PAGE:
Israeli student admits to stealing Auschwitz items for art project

The infamous gate of Auschwitz-Birkenau PHOTO: FACEBOOK/CAROLINE GODIN
The infamous gate of Auschwitz-Birkenau PHOTO: FACEBOOK/CAROLINE GODIN

JERUSALEM - An Israeli art student faces possible charges pressed against her by the Auschwitz museum, even as she admitted to stealing material from the Holocaust memorial in Poland for her graduation project.

Rotem Bides, 27, a granddaughter of Holocaust survivors, had removed objects from Auschwitz on six separate occasions - including a sign warning visitors not to take anything - eventually using them in a Beit Berl college exhibition, in Israel, the Guardian reported on Wednesday (July 19).

Her project has since been removed by the faculty.

In a report by the Israeli newspaper Yedioth Ahronoth, Bides, defending her actions, said she took the material for her project - said to also include her own blood - to show that laws can be transgressed.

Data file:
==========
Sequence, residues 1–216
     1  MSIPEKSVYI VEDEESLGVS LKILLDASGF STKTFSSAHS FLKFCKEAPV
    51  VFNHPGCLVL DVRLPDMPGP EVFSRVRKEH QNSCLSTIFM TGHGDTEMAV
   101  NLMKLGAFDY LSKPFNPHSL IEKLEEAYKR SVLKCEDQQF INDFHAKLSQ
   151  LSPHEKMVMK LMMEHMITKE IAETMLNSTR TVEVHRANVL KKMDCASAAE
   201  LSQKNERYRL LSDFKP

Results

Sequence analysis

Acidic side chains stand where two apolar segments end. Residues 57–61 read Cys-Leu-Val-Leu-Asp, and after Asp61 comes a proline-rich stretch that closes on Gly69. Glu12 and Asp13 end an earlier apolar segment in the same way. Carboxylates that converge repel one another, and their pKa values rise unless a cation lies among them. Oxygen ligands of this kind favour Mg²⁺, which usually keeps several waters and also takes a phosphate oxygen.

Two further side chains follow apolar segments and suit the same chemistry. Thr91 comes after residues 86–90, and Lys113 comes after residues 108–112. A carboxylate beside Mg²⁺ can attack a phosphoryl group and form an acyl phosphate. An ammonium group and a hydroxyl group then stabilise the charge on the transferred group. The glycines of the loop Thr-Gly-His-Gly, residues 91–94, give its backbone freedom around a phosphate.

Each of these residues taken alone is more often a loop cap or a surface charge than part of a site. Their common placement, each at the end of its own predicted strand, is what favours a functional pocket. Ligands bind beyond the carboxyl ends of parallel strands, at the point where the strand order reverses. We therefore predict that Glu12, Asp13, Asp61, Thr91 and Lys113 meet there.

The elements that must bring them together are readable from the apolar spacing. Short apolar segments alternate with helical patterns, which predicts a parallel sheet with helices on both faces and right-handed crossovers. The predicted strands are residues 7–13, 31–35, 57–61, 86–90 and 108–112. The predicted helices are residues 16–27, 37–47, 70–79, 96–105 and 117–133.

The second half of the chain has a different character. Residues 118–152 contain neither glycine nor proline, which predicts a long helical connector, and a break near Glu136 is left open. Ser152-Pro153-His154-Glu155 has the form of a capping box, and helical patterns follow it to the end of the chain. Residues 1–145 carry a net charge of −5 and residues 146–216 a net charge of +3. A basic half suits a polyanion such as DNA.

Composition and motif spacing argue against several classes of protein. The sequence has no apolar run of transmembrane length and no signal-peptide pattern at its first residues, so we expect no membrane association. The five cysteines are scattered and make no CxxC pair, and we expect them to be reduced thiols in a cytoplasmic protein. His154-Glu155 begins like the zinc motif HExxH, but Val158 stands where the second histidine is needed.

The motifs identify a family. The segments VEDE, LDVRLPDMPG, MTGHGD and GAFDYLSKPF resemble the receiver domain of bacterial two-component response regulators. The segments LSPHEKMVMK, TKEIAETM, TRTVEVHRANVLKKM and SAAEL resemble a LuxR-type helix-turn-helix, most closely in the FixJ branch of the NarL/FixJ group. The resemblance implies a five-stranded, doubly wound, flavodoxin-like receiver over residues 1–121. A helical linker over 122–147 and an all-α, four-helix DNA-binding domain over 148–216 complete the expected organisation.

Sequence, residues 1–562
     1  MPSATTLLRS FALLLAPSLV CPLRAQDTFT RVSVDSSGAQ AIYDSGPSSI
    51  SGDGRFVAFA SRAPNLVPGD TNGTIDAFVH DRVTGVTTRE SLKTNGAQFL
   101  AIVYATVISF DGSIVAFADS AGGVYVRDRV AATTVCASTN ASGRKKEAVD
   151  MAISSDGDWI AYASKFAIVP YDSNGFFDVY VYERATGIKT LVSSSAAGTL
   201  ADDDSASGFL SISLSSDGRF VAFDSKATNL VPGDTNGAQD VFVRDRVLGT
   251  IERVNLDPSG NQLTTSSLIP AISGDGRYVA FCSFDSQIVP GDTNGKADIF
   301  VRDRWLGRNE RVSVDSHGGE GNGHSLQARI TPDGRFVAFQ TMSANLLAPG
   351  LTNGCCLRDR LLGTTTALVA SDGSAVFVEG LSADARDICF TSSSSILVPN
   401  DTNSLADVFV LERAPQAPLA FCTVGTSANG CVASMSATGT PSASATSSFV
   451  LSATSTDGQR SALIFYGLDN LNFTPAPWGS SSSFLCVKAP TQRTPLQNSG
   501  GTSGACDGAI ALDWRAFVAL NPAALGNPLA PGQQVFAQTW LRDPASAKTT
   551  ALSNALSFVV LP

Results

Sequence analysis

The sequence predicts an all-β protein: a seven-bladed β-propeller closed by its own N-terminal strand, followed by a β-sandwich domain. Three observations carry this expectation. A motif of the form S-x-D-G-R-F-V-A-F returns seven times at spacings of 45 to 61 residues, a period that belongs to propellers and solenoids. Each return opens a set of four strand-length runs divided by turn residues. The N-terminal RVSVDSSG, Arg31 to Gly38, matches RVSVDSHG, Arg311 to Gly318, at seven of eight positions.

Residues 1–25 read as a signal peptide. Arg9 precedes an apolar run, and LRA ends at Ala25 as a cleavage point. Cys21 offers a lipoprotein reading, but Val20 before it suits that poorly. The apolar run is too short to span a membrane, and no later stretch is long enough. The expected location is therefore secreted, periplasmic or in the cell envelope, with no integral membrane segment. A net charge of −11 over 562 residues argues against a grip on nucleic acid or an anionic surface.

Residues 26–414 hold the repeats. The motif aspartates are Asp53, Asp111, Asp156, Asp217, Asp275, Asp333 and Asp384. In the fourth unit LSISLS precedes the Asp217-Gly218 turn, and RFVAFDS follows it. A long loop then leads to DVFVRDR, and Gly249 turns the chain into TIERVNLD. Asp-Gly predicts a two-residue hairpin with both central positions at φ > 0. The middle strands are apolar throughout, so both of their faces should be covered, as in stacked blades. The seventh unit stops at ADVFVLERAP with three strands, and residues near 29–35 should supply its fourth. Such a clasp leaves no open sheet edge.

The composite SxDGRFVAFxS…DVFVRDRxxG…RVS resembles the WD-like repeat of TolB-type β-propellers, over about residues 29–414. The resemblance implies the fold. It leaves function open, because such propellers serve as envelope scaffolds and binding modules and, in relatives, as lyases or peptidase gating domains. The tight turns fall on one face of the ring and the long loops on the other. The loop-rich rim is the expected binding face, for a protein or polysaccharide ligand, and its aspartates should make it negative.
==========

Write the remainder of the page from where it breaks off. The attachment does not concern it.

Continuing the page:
"I felt it was something I had to do. Millions of people were murdered based on the moral laws of a certain country, under a certain regime. And if these are the laws, I can go there and act according to my own laws. The statement I'm making here is that laws are determined by humans, and that morality is something that changes from time to time and from culture to culture."

"These are the things I want to deal with. I am a third generation to the Holocaust, but I'm not saying I'm allowed to do it because my grandfather was in Auschwitz. I'm simply asking the questions. I'm concerned that after all the survivors are gone, the Holocaust will turn into a myth, something that cannot be perceived," she added.

Her academic supervisior, Israel's prize-winning artist Michal Na'aman, said he thought she "(succeeded) in creating a unique encounter between art and an event that has passed", adding that he "didn't think there was anything wrong with it".

Condemning Bides' actions as "painful and outrageous", the Auschwitz-Birkenau memorial has demanded Israel see to the objects' safe return.

"It's hard to imagine theft being justified in any way, even through art, which can be seen as an attempt to gain publicity," the Guardian cited the museum as saying.